Here is a quote from the post which sums it up quite well for me: “The idea of letting other people tell me, or in any way decide for me, who God is, or what the nature of God is, is … repelling to me. I mean, I get why eventually any sane person would just go, “Something’s wrong here. Christianity appears to be a solid FAIL. I gave it my all. But enough is enough. I’m out.” But, for me, screw that. If people keep peeing in my pool, I don’t abandon the pool. I refresh the water, and then build a fence to keep people the freak out. I stop letting strangers in my … pool area. (Um … to be clear: I’m not advocating keeping people away from Christianity–as if anyone in this culture could, given that, you know, it’s everywhere. What I mean is that I have no interest in … letting, well, pee-ers—by which I mean toxic people whom I don’t know or don’t respect—to … sully my waters, pee in my pool, get into my yard, define for me my Christianity–which, for the record, is unimpeachably rational and militantly non-invasive.)”
My faith is my faith no one else’s. It is my responsibility to continuously choose love over judgment, to welcome everyone in the name of Jesus, to choose freedom over bondage. Amen!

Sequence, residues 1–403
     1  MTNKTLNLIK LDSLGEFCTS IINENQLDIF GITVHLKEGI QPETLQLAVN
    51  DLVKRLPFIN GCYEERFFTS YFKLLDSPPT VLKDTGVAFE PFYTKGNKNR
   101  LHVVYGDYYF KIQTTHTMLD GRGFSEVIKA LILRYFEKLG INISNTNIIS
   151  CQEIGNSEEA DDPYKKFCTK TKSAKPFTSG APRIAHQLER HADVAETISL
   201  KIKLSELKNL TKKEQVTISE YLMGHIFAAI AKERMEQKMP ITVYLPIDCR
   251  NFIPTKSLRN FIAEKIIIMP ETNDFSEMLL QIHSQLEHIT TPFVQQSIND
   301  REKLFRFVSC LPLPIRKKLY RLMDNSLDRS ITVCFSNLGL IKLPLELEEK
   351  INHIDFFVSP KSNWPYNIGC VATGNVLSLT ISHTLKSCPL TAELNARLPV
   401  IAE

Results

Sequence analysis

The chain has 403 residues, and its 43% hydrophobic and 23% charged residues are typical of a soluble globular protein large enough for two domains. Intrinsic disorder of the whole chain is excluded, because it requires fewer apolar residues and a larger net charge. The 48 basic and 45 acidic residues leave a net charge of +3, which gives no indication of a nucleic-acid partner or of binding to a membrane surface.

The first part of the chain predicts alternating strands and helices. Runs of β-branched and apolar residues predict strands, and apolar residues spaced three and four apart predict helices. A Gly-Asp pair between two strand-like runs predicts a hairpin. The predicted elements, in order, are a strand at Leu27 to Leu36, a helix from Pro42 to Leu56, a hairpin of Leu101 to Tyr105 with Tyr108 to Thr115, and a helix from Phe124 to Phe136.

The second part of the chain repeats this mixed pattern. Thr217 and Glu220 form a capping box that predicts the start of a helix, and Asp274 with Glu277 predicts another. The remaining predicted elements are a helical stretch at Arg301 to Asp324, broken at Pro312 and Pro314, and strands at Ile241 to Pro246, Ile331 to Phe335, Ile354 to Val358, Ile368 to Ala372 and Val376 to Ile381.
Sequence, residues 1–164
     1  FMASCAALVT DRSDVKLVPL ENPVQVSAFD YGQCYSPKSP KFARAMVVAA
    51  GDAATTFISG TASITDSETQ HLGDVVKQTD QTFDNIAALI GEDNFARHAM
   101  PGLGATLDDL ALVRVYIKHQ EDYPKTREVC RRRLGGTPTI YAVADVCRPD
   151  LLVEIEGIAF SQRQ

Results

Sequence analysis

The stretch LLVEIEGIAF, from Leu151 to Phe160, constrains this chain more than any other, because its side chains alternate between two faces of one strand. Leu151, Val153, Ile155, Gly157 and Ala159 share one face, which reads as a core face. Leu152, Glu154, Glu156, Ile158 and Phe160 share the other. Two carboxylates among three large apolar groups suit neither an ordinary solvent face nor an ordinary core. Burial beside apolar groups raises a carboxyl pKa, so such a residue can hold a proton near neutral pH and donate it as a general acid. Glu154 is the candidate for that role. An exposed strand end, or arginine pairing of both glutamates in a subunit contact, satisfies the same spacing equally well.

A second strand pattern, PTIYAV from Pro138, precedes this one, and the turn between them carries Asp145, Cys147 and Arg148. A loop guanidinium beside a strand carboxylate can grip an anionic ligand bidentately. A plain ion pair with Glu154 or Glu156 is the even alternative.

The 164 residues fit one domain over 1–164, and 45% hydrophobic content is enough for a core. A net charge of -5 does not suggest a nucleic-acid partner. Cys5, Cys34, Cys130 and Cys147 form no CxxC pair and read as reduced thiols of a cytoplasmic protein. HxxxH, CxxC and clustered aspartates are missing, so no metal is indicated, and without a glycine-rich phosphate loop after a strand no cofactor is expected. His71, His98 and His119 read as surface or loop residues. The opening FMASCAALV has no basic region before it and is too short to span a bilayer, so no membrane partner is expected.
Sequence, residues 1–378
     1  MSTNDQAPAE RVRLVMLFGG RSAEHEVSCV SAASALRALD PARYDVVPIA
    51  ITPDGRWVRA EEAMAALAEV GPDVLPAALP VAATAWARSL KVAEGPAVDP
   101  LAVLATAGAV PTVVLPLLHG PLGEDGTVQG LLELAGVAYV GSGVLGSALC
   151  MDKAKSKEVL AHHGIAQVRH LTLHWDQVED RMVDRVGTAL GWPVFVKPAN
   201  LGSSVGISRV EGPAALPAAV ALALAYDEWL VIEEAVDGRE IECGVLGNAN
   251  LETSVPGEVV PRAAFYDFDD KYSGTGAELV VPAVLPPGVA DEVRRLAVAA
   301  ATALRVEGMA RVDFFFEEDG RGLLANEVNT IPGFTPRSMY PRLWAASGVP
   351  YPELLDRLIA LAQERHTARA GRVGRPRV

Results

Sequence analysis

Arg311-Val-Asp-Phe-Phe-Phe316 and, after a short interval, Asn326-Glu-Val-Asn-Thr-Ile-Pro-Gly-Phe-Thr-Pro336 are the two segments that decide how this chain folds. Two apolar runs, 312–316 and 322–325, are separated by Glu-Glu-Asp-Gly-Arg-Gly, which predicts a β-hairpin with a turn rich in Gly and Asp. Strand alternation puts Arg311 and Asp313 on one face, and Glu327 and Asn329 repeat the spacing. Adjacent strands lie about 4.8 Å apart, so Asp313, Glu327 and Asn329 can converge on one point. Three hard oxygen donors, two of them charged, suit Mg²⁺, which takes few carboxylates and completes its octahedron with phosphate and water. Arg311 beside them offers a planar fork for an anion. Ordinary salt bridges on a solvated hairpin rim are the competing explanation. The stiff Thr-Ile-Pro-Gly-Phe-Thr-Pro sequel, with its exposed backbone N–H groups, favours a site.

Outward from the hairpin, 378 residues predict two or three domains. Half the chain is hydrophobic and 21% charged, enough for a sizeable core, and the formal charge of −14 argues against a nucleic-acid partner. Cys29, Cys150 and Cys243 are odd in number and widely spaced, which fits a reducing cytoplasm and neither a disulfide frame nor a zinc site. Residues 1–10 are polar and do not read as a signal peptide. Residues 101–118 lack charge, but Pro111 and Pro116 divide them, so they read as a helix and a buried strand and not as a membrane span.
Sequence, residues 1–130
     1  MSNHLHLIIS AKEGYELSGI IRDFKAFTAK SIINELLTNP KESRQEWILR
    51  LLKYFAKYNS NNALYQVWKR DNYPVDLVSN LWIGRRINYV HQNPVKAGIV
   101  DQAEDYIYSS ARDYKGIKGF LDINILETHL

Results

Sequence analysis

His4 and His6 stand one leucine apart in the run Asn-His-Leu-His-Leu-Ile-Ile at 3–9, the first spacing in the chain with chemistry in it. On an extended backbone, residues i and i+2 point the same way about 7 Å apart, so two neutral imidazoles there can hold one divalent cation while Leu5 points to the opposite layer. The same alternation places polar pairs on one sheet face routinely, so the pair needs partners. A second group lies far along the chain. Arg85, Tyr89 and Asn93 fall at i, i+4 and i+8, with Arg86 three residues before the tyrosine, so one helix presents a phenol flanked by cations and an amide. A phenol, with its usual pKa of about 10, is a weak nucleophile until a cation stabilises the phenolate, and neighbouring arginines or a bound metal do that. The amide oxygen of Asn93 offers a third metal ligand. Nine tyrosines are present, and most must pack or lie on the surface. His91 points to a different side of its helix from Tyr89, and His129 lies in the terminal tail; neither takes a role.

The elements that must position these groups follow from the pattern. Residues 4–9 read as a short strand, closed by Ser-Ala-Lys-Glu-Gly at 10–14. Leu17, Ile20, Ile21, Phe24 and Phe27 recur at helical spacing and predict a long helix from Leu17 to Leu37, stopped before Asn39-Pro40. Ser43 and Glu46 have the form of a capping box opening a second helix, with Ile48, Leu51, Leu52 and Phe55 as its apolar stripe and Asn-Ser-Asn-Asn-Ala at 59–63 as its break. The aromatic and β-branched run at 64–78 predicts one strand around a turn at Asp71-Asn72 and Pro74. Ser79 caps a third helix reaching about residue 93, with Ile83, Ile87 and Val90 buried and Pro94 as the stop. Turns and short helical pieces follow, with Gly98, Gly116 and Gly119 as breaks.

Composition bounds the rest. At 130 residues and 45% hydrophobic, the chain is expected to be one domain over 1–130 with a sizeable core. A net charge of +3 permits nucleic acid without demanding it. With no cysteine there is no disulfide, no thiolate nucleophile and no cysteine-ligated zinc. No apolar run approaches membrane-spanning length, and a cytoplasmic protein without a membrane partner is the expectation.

For me the day I trade my doubts and freedom for the certainty of three songs and one man who has “all the answers” is the day I begin to lose my soul.
The irony is, since I have begun to embrace my doubts and the paradox of life, I have never felt closer to God. I feel delighted for you 🙂 But time is beginning to fly by. Could you, to conclude, talk about the World Vision catastrophe? You know, this Evangelical welfare organization who ended up stopping discriminating Gay people among their employees. Consequently, most Conservative supporters retracted their help. Could you please put this in a nut shell?
It was tragic. I thought their initial decision was good but then when everyone jumped ship and abandoned the kids which was so upsetting. I know they backpedaled because of that. In the end the children were the ones who got hurt. It was just awful. I find it appalling that people would abandon children over the issue of loving all people. I entirely share your feelings. But in Europe, Conservative Evangelicals are much less focused on homosexuality than in the States. What could one do for fostering the evolution of mentalities in this country of yours?
I think it is currently evolving and at a rather quick pace. The millennials in particular are much more inclusive than previous generations.
But, I think that attunes are changing across all generations. We are in the process of becoming a much more inclusive people and that makes me very happy
As always I think it is a matter of empathy. 🙂 🙂 So I thank you very much for this interview. You’ve been truly wonderful.
Of course! It was my pleasure. I really enjoyed it.